Cortisone cream, which is a topical corticosteroid ointment, is used for a number of anti-inflammatory treatments which include skin disorders like eczema, dermatitis, and psoriasis, along with joint inflammatory problems like arthritis. Sold as hydrocortisone, this water-soluble, synthetic steroid can be purchased with a doctor's prescription. It helps in decreasing local inflammation, swelling, burning, and itching, while also helping the skin retain moisture.
This medication is a mild corticosteroid and is used to treat a variety of skin conditions. Some of the common medical conditions that are addressed by cortisone cream are:
- Insect bites
- Poison oak/ivy rash
- Mild to moderate eczema
- Itching of the outer female genitals
- Anal itching
Cortisone reduces the local inflammation, swelling, itching, and redness that can occur in these types of conditions. While over-the-counter cortisone creams are generally used to treat skin conditions like eczema that occur on sensitive parts of the body like the face and the genitals, stronger prescription of these creams are usually safe for use on the torso, arms, and legs, regardless of the condition that is being treated. The use of this cream for acne has also been known to be effective.
Long term or high strength cortisone creams applied in the long run can cause a number of side effects. Some common side effects on the skin include stinging, burning, irritation, dryness, or redness at the application site along with skin thinning (atrophy), discoloration, and stretch marks (striae) in the long run. Since this cream is applied to sensitive spots such as the eyelids, armpits, and groin, the thin skin folds can cause the cream to penetrate deeper. This results in easy bruising and tearing of the skin, rash around the mouth, permanent dilation of blood vessels (telangiectasia), and increased susceptibility to skin infections.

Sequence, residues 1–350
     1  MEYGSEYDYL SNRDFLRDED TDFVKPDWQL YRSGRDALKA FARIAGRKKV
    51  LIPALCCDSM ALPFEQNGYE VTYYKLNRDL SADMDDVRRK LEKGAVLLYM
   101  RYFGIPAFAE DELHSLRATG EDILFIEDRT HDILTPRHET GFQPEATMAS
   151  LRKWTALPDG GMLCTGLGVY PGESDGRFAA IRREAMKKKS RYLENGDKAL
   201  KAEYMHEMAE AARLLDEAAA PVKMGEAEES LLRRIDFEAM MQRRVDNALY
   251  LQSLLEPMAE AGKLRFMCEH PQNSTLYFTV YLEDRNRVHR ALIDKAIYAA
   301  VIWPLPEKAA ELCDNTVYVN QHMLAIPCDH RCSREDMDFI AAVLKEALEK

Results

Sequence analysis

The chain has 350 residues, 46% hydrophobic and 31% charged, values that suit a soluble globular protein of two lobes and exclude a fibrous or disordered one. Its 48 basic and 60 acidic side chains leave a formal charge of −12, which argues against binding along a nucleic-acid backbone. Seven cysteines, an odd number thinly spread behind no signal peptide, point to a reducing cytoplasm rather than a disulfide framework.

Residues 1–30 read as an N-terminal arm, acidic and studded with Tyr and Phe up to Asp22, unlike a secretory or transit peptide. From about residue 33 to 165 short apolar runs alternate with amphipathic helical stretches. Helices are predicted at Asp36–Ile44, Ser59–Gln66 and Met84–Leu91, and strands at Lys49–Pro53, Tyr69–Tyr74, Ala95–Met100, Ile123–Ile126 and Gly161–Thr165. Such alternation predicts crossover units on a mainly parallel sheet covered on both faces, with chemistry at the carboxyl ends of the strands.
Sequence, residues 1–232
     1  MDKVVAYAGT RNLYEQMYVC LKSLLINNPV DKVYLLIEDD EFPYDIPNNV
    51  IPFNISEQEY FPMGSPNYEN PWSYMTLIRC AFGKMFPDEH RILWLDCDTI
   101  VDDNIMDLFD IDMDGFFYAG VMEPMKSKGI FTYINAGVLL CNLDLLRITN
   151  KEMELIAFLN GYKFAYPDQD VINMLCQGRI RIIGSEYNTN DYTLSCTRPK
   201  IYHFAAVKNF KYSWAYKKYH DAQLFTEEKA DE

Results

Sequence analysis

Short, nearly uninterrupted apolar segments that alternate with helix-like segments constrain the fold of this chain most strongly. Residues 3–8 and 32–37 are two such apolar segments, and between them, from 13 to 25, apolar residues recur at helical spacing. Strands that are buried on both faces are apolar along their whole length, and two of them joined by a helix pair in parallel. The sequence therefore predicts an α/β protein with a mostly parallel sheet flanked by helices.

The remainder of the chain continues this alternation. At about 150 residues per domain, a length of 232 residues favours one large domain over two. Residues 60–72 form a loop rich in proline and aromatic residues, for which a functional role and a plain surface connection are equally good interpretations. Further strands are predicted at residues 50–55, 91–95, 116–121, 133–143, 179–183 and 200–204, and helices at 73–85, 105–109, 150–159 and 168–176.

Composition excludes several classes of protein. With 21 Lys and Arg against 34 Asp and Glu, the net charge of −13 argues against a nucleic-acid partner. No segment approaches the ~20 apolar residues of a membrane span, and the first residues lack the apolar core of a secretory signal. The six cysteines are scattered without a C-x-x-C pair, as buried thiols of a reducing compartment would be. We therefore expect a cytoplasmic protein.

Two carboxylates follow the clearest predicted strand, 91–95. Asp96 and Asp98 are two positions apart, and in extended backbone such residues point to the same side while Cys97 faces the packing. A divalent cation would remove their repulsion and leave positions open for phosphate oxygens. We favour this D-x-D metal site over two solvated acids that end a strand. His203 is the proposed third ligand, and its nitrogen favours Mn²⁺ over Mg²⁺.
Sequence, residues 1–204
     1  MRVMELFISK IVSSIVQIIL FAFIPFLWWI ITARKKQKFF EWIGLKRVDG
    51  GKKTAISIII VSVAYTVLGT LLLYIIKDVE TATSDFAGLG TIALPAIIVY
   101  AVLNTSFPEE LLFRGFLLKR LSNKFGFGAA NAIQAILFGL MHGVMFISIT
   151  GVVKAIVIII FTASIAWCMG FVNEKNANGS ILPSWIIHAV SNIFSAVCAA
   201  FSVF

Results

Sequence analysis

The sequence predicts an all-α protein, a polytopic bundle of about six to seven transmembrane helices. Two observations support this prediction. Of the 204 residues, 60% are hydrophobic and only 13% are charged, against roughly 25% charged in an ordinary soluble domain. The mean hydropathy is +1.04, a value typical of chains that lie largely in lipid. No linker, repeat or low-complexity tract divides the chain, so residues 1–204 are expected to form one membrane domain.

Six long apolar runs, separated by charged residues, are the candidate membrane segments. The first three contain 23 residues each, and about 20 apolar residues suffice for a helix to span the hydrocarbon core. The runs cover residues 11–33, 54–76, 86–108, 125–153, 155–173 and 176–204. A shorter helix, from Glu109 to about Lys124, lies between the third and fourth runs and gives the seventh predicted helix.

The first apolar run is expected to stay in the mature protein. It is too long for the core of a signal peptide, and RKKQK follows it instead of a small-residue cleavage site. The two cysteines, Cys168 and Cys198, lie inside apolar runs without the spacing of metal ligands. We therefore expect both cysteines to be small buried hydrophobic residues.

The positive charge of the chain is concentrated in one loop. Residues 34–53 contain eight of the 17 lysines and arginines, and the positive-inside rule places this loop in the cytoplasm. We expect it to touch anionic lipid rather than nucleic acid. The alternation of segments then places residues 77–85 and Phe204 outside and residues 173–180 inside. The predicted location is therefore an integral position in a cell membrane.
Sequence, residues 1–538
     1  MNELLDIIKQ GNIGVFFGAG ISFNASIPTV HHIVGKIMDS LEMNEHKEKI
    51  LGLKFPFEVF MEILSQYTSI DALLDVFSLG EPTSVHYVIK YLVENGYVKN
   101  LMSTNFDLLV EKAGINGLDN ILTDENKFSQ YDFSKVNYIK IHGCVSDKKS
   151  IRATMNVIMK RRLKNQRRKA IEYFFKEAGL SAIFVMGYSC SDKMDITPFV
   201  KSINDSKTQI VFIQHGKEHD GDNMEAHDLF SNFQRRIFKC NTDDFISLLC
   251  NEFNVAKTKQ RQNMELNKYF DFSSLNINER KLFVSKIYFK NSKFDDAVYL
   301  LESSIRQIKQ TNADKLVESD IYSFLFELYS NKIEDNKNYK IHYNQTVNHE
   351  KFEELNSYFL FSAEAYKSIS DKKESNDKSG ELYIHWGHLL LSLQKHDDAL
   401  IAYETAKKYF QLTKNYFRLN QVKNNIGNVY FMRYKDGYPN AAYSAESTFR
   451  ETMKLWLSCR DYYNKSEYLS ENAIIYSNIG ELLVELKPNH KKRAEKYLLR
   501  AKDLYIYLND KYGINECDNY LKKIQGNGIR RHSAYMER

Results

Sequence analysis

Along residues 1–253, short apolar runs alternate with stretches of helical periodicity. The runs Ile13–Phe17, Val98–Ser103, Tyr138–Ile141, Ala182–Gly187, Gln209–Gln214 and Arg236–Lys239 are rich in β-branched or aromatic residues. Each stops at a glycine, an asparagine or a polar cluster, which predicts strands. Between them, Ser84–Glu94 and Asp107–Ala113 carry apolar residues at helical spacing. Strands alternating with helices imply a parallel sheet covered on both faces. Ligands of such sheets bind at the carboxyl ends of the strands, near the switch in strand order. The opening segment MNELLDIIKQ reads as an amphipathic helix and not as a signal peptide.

In addition to these, certain internal side effects like adrenal gland suppression, Cushing's syndrome, and suppression of the production of natural steroid can occur with prolonged use. The presence of these side effects is based on the strength of the steroid, the length of application, the site treated, and the nature of the skin problem. However, in majority of the cases, a very serious allergic reaction to this drug is rare. If you notice any symptoms of a serious allergic reaction, that includes, rash, itching/swelling (especially of the face/tongue/throat), severe dizziness, trouble in breathing, then it is best to seek medical help immediately.
How to Use These Creams
This cream should be applied as instructed by the doctor. You can also check the label of the medicine for dosage instructions. Apply a small amount of medicine to the affected area and gently rub it, so that it is evenly distributed. You need not wrap or bandage the area. Applying the cream in areas like the face, groin or underarms should be based on the doctor's instructions.
If you happen to get this cream in your eyes, immediately flush them with cool tap water. Open wounds, or scraped, infected, or burned skin should not be exposed to cortisone creams without the specific instructions of a doctor. If you are pregnant, you need to discuss the potential risks of using this cream with your doctor.
If you have a history of allergic reactions to corticosteroids then make it a point to follow the doctor's instructions for the usage. If you are using it on a child, then consult your doctor to help pick the appropriate potency of cortisone cream, depending on the age of your child.
Disclaimer: This HealthHearty article is for informative purposes only, and should not be used as a replacement for expert medical advice.